How Music Can Help Your Sobriety Journey

music therapy for sobriety

Life has rhythm, drama, and soul. In short: we are all musical, and our individual pulses build to a crescendo of shared harmony and health. 

Wellness is not a “one-size-fits-all” experience. The ways in which you embrace your sober life will look and feel much different than your neighbor’s journey. It is important to consider a wide range of therapy approaches to celebrate the many facets of your personality. Music is just one discipline among many that may aid in the quest to be your best.

Setting the Tone

Music-assisted therapy is just that: an assist. Just like in basketball, a player cannot score two points unless she or he gets passed the ball at just the right time. An assist is often exactly what you need, and music sets the tone for achieving greatness.

When your favorite tune blares through the speakers, it elevates your day. Your concerns, if even for a brief moment, fade away as the swell of the instruments eclipses your problems. You may call it a distraction or a detour, but music changes the conversation echoing through your brain.

In essence, you are able to change the station in your mind and tune into whatever thoughts and feelings benefit your sobriety. Music is the catalyst, but you are the conductor of your own destiny.

Focusing the Mind

When an individual becomes sober, their brain chemistry changes. The toxic and intoxicating effects of substances no longer cloud the mind, allowing the overall cerebral landscape to shift. The chemicals in the brain surge and subside in response to stimuli. When a person is under the influence, their brain chemistry is altered in a specific manner, but sobriety can reward the human mind in truly transformative ways, as well.

The feeling of getting drunk or high is brought about due to the rush of dopamine in the brain. Sober individuals can empower themselves to trigger their own dopamine without the need for drugs or alcohol by choosing precisely how to stimulate their minds. Music is a wonderful way to excite the higher functions of the nervous system. It plays upon the senses like fingers strumming a guitar. 

As the old saying goes, “music soothes the savage beast.” Stress and hurt can be beastly, and a welcome tune might alleviate some of the duress. Studies indicate that music can reduce the levels of pain reported by patients having an IV tube inserted by taking their mind off the source of the discomfort. The vibrations in certain songs have even proven effective at treating symptoms of Parkinson’s disease and fibromyalgia. 

Addiction is also a disease. Music-assisted therapy has treated other afflictions of the body and mind, so now it is getting a chance to belt out a solo in the arena of substance abuse treatment.

We Got the Beat

Songs are not sung in isolation. They are a shared art form, born of collaboration and cooperation. In order to record a song, it requires the efforts of writers, producers, singers, and band members. Their talents align to organize each note precisely and harmonize in an unforgettable way.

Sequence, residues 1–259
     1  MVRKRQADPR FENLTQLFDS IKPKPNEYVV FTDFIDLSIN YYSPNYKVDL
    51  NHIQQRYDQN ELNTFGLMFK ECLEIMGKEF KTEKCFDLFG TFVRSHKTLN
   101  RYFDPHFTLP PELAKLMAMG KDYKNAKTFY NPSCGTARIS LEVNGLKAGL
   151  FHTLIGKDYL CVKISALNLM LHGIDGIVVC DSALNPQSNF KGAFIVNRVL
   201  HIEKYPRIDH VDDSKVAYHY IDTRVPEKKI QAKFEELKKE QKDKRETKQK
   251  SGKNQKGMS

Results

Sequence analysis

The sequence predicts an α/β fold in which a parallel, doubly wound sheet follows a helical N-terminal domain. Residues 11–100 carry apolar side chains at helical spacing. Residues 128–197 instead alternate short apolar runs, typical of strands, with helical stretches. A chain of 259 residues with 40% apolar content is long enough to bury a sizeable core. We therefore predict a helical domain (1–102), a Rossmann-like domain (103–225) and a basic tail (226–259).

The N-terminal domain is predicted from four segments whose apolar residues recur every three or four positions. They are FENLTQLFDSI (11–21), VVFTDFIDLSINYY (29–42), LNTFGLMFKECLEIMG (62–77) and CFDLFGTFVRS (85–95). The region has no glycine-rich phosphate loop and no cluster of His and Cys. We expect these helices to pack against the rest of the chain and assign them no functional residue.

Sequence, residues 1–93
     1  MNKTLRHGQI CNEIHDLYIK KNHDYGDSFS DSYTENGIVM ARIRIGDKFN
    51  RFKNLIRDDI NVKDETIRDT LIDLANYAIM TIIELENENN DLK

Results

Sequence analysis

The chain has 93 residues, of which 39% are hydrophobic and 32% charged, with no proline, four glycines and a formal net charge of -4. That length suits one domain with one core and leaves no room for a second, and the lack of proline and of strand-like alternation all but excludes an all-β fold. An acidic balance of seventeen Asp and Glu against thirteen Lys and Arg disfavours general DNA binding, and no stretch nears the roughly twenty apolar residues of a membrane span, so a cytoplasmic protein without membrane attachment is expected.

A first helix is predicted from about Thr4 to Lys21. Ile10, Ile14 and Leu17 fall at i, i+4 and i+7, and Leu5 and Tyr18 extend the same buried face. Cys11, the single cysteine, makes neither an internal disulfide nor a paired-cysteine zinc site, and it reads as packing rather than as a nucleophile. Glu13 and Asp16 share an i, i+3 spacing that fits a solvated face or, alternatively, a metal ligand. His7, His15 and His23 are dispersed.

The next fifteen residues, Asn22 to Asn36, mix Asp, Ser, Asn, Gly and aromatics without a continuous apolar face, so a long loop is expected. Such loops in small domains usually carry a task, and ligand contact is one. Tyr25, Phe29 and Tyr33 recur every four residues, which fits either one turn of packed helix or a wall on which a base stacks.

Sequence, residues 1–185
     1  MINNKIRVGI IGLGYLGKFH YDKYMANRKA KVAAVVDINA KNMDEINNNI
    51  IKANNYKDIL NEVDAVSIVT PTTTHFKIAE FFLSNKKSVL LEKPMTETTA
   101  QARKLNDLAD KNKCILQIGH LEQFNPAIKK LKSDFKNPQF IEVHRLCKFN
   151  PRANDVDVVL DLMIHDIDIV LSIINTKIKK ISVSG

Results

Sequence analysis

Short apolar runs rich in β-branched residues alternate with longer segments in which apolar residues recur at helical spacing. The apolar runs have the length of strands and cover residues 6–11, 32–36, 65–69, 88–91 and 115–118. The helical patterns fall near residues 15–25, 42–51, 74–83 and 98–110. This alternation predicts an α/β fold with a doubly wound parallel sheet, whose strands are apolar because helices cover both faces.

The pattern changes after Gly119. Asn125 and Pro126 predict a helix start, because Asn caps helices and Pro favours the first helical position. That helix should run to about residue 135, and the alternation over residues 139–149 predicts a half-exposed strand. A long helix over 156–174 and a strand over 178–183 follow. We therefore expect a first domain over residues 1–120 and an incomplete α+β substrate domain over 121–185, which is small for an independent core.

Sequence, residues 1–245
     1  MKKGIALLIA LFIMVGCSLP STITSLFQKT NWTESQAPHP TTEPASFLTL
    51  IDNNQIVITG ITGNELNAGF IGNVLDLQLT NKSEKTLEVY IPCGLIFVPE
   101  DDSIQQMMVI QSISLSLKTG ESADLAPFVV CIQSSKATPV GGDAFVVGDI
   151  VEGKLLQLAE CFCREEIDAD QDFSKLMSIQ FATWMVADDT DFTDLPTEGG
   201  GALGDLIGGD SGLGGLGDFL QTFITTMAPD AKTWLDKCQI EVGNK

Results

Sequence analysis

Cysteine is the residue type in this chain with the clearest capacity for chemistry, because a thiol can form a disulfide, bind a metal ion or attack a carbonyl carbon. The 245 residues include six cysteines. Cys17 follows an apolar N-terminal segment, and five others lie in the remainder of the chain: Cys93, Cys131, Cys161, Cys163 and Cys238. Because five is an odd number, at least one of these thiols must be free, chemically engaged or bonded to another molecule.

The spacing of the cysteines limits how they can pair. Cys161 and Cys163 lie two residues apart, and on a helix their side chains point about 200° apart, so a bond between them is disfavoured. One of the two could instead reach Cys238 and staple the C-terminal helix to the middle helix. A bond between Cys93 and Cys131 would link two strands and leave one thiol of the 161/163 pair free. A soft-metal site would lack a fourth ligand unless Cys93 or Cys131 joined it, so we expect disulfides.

The listening experience is the end result of this fascinating mélange of musical collaboration. Your ears register each beat of the drum or tickling of the ivories. By switching on the radio or clicking on an MP3, you are entering a conversation with the musicians whose art you consume.

They are singing for you. They are rooting for you. Music has connected you to a larger sense of community. Sobriety allows you to hear the lyrics and interpret their meaning. You can expand your appreciation for the musical arts by engaging your brain in an immersive listening experience, rather than diluting it with drugs or alcohol.

The music has embraced you. 

Amplifying Communication

Sound is not linear. It bounces in playful vectors and emanates in multiple directions simultaneously. When a great song is playing, it fills every corner of a space and invites you to join the chorus.

Passive listening is one stage of music-assisted therapy, but participation is encouraged as you progress with your sobriety. Reacting to the rhythm is sometimes involuntary, but analyzing its effects on you can help draw out some deeper psychological truths. If you hear a loud bass, how does it make you feel? When the song ends, what is your emotional state? By asking yourself how music affects you, it may illuminate some more complicated patterns of your behavior and moods.

Substance use once dictated the ways in which you communicated, but now there is a healthier alternative. Music-assisted therapy gives you an outlet to experience emotions fully and vent about them safely. Our on-site studio here at Defining Wellness offers you the opportunity to put your feelings into song, belting them out as only you can.

Once a month, you will harmonize with a Grammy-winning artist visiting our facility from Nashville. Rock out in a two-day seminar with a music legend who has also faced the demons of addiction and lived to tell—actually, to SING the tale.

It is just one of the many fabulous amenities of our luxury addiction treatment program. You deserve gourmet food and world-class accommodations. During the darkest days of addiction, it may have been difficult to imagine pampering yourself. You were focused on the next drink or pill or fix, rather than seeing the vibrant possibilities that a life well lived can offer.

But now, you can rise above the noise of your own pain and regret, and hear the sounds of a better future. Crank up your sobriety at Defining Wellness by contacting us today!